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What is the most efficient approach of authentication, considering an user based authentication system combined with a token based authentication system?

For this question please consider the following tables:

create table users (
  id int generated always as identity primary key,
  username text not null unique,
  password text not null
);

create table tokens (
  id int generated always as identity primary key,
  user_id int not null references users(id),
  access_token text unique default generate_random_token(),
  refresh_token text default generate_random_token(),
  updated_on timestamp with time zone default current_timestamp,
  created_on timestamp with time zone default current_timestamp
);

As far as I know to create an user and allow it to authenticate the following steps are mandatory (explained with query statements):

  1. Optional: Create an user record.
    insert into users (username, password) values ('foo', create_password_hash('bar'));
    
  2. Check if the user can authenticate itself and remember the user's ID:
    select * from users where username = 'foo' and password = validate_password_hash('bar', password);
    
  3. Check if the user has an existing token and hand over the access_token:
    select access_token from tokens where user_id = 123;
    
  4. Optional: Create a token if the user doesn't have one yet:
    insert into tokens (user_id) values (123) returning access_token;
    

If my assumption for the steps to be taken is right, then I wonder how to minimize these four statements into a single one or have at least some guidance how this could be done more efficient. Also I could imagine that my approach for this use case incorrect and that there is an other more efficient approach, please let me know.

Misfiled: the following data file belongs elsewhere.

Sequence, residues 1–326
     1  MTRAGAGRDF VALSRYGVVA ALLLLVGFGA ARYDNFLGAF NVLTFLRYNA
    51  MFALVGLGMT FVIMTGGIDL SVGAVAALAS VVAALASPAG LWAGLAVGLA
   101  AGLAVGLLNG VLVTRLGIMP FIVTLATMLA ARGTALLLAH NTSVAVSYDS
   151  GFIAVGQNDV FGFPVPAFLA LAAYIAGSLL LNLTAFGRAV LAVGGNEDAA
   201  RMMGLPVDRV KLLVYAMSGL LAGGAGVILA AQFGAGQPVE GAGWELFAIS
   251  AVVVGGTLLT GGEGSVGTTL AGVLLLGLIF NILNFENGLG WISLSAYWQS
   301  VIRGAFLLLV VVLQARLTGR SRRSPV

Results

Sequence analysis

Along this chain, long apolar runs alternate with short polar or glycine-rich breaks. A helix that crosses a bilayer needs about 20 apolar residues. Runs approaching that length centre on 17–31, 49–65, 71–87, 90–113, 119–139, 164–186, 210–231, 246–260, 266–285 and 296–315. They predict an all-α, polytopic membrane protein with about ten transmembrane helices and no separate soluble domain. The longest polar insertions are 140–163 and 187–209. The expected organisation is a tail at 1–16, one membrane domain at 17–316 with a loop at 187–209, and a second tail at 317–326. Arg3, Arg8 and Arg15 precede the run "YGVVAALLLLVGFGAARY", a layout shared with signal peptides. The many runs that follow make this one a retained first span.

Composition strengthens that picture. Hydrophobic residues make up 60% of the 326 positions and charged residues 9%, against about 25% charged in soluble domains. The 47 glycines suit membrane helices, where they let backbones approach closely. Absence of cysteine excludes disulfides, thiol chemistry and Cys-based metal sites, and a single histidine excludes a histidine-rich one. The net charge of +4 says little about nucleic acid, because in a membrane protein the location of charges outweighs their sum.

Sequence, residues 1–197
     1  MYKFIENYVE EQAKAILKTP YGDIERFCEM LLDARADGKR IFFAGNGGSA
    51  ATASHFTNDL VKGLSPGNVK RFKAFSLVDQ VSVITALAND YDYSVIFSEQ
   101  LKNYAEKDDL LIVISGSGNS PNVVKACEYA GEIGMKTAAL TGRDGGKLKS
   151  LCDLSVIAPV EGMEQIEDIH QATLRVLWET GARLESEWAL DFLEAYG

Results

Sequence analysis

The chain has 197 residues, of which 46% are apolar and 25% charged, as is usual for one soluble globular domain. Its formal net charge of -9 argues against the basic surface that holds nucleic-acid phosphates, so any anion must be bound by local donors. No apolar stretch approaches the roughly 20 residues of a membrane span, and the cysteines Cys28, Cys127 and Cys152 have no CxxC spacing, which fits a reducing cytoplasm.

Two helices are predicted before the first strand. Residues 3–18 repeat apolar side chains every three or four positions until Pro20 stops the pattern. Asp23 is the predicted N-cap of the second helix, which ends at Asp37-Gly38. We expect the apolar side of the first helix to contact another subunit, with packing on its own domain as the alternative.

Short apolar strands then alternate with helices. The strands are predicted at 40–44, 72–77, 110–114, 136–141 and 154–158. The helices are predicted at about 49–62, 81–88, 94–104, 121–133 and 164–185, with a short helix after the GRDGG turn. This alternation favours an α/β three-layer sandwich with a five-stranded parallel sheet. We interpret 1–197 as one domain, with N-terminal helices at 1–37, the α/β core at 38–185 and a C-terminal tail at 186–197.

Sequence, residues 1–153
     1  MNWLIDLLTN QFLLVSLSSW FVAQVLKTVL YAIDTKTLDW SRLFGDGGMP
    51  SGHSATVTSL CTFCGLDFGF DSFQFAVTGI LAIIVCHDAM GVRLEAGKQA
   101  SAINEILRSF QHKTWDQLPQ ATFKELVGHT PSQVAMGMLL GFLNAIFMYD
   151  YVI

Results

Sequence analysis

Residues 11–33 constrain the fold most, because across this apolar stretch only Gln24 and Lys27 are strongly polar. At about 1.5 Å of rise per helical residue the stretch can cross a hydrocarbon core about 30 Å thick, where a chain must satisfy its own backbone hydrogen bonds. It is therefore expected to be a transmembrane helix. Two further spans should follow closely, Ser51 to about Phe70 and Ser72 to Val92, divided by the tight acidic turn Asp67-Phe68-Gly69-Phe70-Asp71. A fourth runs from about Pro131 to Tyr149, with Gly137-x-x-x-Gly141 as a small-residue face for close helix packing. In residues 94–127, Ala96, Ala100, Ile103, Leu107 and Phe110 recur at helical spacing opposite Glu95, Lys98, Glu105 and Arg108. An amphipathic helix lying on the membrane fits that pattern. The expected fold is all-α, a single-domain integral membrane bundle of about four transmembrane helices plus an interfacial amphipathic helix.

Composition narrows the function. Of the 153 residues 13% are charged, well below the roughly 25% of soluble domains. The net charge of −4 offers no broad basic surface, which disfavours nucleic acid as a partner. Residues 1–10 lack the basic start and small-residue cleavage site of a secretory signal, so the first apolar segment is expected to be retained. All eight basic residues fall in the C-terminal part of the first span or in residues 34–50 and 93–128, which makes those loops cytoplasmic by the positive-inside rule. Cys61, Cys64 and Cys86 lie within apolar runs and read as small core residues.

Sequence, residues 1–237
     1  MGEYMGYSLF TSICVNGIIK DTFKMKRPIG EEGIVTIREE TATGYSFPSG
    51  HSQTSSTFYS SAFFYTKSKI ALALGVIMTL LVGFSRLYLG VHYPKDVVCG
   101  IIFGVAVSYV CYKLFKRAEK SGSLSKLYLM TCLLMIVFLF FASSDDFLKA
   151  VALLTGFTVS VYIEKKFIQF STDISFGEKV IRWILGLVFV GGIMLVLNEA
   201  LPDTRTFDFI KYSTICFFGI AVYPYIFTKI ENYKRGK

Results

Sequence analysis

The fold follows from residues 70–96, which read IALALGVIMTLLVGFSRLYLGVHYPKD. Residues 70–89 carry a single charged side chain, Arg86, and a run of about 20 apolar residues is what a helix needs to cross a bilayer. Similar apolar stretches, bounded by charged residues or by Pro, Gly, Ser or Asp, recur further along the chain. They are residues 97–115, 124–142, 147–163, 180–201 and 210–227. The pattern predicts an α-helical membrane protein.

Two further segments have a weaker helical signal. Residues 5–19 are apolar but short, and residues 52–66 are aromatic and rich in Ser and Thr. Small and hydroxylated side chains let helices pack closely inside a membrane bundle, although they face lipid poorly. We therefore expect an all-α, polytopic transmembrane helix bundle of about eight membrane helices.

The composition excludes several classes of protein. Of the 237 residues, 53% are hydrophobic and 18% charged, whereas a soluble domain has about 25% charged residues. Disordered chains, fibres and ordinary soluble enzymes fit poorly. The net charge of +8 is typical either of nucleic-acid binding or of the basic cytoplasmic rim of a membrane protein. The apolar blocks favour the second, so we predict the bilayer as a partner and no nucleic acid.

BONUS

Perhaps your approach could also cover the process of refreshing a token. Considering the approach explained above the refresh should only occur when a token is found at the third step and according to the updated_on timestamp the token is "expired".

2
  • You want to create an account, or login to an account, without knowing ahead of time which you are doing? That sounds like a disaster. Really, how efficient does this need to be?
    – jjanes
    Jul 23, 2020 at 12:15
  • @jjanes I guess step one can also be optional, would that make more sense?
    – luukvhoudt
    Jul 24, 2020 at 10:11

1 Answer 1

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Apparently this use case is fairly specific and thus it is quite a challenge to write an "upsert" statement what covers all the steps as described in the question. Therefor I see the following procedure as the only way out.

create or replace function user_auth(p_user text, p_pass text)
returns token_response as
$$
declare
    v_user_id bigint;
    v_token_id bigint;
    v_updated_on timestamp with time zone;
    v_access_token text;
    v_refresh_token text;
begin
    select id
    into v_user_id
    from users
    where username = p_user
        and password = validate_password_hash(p_pass, password)
    limit 1;

    if (v_user_id is not null) then
        select id, updated_on, access_token, refresh_token
        into v_token_id, v_updated_on, v_access_token, v_refresh_token
        from tokens
        where user_id = v_user_id
        order by updated_on desc
        limit 1;

        if (v_token_id is null) then
            insert into tokens (user_id)
            values (v_user_id)
            returning access_token, refresh_token
            into v_access_token, v_refresh_token;
        end if;

        if (v_updated_on < current_timestamp - interval '1 day') then
            update tokens
            set access_token = generate_random_token(),
                refresh_token = generate_random_token(),
                updated_on = current_timestamp
            where id = v_token_id
            returning access_token, refresh_token
            into v_access_token, v_refresh_token;
        end if;
    end if;

    return (v_access_token, v_refresh_token)::token_response;
end;
$$ language plpgsql;

Here is a working DB fiddle

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